From the Colli di Salerno area of Campania came Lunarossa with two white (falanghina and fiano) and one red (aglianico) wines. The Quartara Fiano 2011, which had been fermented for two months on its skins in amphorae, was particularly interesting, with a broad nose of sweet peach, light honey and a dry, slightly spicy element. The palate was dry, fresh and full with very light tannin and light-toned minerality. A highly drinkable, “gastronomic” wine, this was another favourite that we reverted to several times during our social evenings.

Cotinone, from the San Severo area of northern Puglia, showed an interesting sémillon and two reds made predominantly or only with nero di Troia. I liked the 100% nero di Troia from 2012 a lot. It had a delicious nose of cherries, singed garrigue and the lightest touch of humus, with a fresh, mild palate with live tannins and lightly balsamic cherries on a long aftertaste.

The evening was dedicated to a fantastic tasting of Cantina del Notaio’s mid-range Aglianico del Vulture Il Repertorio. The owner, Gerardo Giuratrabocchetti, showed up with vintages 2001, 2003, 2004, 2005, 20006 and 2007, and with a presentation featuring single-year weather patterns and overall climatic and soil data for this unique – and cool! – mountain terroir. Aglianico here is picked, depending on the vintage, between the end of October and the beginning of December. The long hang time shows itself in ripe tannins and lovely balance between fruit and structure. Of the vintages tasted, the 2001 was clearly the greatest wine for me, featuring a fresh, deep, dark and complex nose with cherries, hydrocarbon minerality, perfume, leather, garrigue and sweet meat, and a palate of great power, freshness, balance and length, with the typical, slightly briary tannins of Monte Vulture. A great and still very young wine, seemingly with endless life ahead of it. 20003 was a wonderful surprise, the vintage being famously hot, but the wine being still fresh, fruity and young. It is significant that this was a tasting of the mid-range wines. Just think of the potential power, greatness and longevity of the top-of-the-range La Firma.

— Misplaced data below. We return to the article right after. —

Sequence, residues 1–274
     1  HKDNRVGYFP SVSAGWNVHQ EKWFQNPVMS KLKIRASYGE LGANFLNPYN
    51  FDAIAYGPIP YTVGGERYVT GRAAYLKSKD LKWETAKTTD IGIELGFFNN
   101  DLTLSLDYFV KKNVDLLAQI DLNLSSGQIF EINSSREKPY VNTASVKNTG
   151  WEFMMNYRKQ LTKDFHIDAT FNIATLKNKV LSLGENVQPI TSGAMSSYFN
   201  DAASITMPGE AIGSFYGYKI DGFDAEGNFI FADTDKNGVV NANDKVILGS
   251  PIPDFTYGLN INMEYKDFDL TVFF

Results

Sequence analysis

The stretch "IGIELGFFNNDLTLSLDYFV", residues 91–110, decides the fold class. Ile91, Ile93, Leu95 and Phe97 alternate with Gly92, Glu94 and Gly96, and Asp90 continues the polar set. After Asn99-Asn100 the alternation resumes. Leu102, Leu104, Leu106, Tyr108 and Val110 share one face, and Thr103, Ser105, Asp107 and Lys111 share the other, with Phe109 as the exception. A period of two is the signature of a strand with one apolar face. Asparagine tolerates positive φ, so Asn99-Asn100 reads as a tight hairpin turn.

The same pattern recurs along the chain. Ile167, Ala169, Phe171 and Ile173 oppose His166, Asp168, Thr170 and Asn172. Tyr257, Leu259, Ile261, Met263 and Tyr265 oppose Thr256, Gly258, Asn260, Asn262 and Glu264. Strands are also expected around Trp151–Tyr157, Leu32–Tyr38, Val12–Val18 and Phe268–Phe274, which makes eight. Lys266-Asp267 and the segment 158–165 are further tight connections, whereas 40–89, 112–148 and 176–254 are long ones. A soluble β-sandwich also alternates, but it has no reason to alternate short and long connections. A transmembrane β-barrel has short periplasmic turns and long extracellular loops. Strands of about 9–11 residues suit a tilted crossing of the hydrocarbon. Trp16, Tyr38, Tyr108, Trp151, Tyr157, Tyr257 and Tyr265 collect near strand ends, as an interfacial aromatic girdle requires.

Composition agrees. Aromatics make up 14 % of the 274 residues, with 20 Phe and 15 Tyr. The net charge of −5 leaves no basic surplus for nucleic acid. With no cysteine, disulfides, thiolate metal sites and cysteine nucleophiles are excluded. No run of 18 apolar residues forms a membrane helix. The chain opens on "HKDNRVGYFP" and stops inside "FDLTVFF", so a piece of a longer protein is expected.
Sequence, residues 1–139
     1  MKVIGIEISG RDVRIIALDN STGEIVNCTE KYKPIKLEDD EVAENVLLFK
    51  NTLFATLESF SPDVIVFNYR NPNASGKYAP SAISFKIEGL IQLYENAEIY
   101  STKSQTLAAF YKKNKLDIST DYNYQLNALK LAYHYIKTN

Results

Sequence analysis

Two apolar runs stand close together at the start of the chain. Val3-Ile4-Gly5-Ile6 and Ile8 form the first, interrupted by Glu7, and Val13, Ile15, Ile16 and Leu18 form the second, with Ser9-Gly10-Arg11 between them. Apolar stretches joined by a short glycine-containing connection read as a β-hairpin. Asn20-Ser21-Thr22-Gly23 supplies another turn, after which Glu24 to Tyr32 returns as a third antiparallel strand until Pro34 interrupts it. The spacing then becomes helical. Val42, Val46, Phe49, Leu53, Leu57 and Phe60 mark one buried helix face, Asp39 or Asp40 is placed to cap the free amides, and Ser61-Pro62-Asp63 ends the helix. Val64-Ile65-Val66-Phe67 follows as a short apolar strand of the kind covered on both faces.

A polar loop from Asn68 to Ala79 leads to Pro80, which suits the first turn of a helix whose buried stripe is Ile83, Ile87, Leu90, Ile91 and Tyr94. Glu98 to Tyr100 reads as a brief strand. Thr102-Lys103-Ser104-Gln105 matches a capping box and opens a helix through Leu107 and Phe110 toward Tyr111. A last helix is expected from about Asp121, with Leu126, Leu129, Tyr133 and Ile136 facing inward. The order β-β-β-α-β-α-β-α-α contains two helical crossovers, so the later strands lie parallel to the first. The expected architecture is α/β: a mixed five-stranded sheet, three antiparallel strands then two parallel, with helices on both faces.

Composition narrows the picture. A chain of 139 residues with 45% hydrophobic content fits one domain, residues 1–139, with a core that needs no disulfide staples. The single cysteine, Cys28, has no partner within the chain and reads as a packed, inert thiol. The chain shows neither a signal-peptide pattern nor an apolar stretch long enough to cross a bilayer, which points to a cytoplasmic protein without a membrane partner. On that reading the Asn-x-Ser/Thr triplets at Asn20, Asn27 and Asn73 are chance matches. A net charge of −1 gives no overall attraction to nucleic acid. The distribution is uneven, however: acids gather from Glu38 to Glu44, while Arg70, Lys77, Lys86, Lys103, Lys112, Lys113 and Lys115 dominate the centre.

Another night featured many wines, a bit of beer if memory serves me right, great companionship and much humour. Wine gathers the best people.

Yours truly

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Radici del Sud 2014 – Day 2

Wednesday 4 June marked the beginning of single-producer tastings. There are two sessions in a day, with 15-20 producers at each session. I knew many of them already, but some were new. It was great to reconfirm the excellence of many friends’ production, and even greater to taste hitherto undiscovered excellence.

Highlights among “old friends”:

Cannito in Gioia del Colle makes typical, firm, juicy, cherry-fruited primitivos by the name of Drumon. All the new wines were good, with the 2011 Drumon gold version probably being my top wine of the range, with lovely essence of cherry and good, tight and firm structure.

Cardone are still the best of the bunch in Locorotondo. The entire range is good, with keen pricing, but my favourite on the day was the Prosit sparkling rose’, a lovely, zingy, berryish number.

Donnachiara’s range is all good, too, and the new late-harvest dry wines – Fiano Esoterico and Greco Ostinato – were very interesting, pointing towards very full, rather powerful interpretations of those lovely varieties.

Masseria l’Astore continues its strong run of form, with the great negroamaro Alberelli continuing to take on strong varietal definition and pointing the way towards the future for negroamaro. Also lovely dry malvasia bianca and excellent, firm/sapid negroamaro rosé.